The Training-For-Profit Model – at risk?

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DeVry LogoWhenever news articles address the “for-profit” verses the “not-for-profit” business models for any industry, I always cringe, because I think most people don’t understand the difference.  The “not-for-profit” model can be managed and led by an executive leadership with salaries well into six figures and higher.  “Not-for-profit” organizations do not necessarily operate on shoe-string budgets.  They simply do not post a “profit” over and above whatever other monies they may pay out.  And there are other restrictions too.

So when you hear about the training industry’s “for-profit” companies, don’t be tempted to shout “aha!  Greedy jerks!  They should be not-for-profit like their more charitable counterparts”, because those counterparts aren’t necessarily as charitable as you might think.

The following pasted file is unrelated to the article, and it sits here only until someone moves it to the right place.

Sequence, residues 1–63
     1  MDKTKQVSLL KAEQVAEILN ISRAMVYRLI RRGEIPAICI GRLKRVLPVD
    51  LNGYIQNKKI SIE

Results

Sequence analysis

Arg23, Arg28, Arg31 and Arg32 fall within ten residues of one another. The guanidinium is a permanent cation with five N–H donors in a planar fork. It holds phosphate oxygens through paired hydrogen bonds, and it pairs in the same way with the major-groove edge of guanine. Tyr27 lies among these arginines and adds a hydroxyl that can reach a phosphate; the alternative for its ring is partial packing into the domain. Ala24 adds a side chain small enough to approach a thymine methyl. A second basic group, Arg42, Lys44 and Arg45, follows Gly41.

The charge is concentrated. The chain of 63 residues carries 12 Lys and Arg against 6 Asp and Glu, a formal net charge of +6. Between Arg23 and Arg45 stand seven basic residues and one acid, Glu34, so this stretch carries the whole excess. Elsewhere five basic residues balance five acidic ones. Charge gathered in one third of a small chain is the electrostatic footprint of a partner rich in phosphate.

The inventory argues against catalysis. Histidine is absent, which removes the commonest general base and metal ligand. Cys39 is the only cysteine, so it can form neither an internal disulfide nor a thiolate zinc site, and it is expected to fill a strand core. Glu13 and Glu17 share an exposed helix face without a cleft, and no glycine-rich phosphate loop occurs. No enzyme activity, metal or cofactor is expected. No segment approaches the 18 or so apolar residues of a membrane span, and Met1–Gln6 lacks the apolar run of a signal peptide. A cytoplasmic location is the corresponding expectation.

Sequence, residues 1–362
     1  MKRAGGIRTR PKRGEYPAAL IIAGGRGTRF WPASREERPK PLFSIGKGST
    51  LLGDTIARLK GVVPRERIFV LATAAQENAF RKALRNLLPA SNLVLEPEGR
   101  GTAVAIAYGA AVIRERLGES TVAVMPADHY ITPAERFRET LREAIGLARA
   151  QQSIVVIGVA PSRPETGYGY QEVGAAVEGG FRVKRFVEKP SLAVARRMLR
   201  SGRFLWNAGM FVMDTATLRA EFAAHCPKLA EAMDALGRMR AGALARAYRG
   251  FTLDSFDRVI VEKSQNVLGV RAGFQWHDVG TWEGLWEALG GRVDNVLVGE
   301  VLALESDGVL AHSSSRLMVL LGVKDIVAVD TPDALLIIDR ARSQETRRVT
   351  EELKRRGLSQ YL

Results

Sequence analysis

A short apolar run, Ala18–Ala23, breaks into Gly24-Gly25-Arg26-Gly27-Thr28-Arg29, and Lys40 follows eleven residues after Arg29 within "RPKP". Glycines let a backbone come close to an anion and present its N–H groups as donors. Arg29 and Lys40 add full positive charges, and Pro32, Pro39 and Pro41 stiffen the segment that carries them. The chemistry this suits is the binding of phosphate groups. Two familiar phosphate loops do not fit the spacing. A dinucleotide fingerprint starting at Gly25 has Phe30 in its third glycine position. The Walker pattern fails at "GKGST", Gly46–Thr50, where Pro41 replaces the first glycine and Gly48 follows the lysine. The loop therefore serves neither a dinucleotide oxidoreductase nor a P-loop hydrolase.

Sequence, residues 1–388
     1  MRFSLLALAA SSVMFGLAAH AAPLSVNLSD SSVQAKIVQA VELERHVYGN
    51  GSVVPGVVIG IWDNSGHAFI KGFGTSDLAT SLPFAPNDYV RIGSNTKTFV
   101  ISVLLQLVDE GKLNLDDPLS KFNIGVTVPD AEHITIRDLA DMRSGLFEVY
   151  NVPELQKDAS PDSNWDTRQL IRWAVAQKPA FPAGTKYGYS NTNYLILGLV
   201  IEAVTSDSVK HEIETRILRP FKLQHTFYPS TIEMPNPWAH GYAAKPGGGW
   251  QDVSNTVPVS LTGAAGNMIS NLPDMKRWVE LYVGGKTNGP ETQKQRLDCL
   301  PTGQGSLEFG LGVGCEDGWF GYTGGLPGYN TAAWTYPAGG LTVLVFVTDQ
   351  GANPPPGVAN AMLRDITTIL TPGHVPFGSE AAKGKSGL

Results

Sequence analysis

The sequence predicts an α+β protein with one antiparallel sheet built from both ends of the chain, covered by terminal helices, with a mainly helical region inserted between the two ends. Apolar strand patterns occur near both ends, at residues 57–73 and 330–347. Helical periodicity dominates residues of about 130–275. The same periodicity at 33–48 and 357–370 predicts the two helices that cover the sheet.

But that aside, there’s no question that there’s been a good amount of invester interest in the “for-profit” training models over the past few years of companies like DeVry.

That’s why a lot of investors got worried when DeVry posted earnings that failed to meet expectations in July of last year. [1]Those earnings jumped back up in October. [2]

So which way is the industry going?  Forbes Magazine published a report a few days ago looking at a competitor and well known for-profit education, Apollo Group, stating that “[a]nalysts expect decreased profit for Apollo Group”. [3]

Something to watch as the year progresses.






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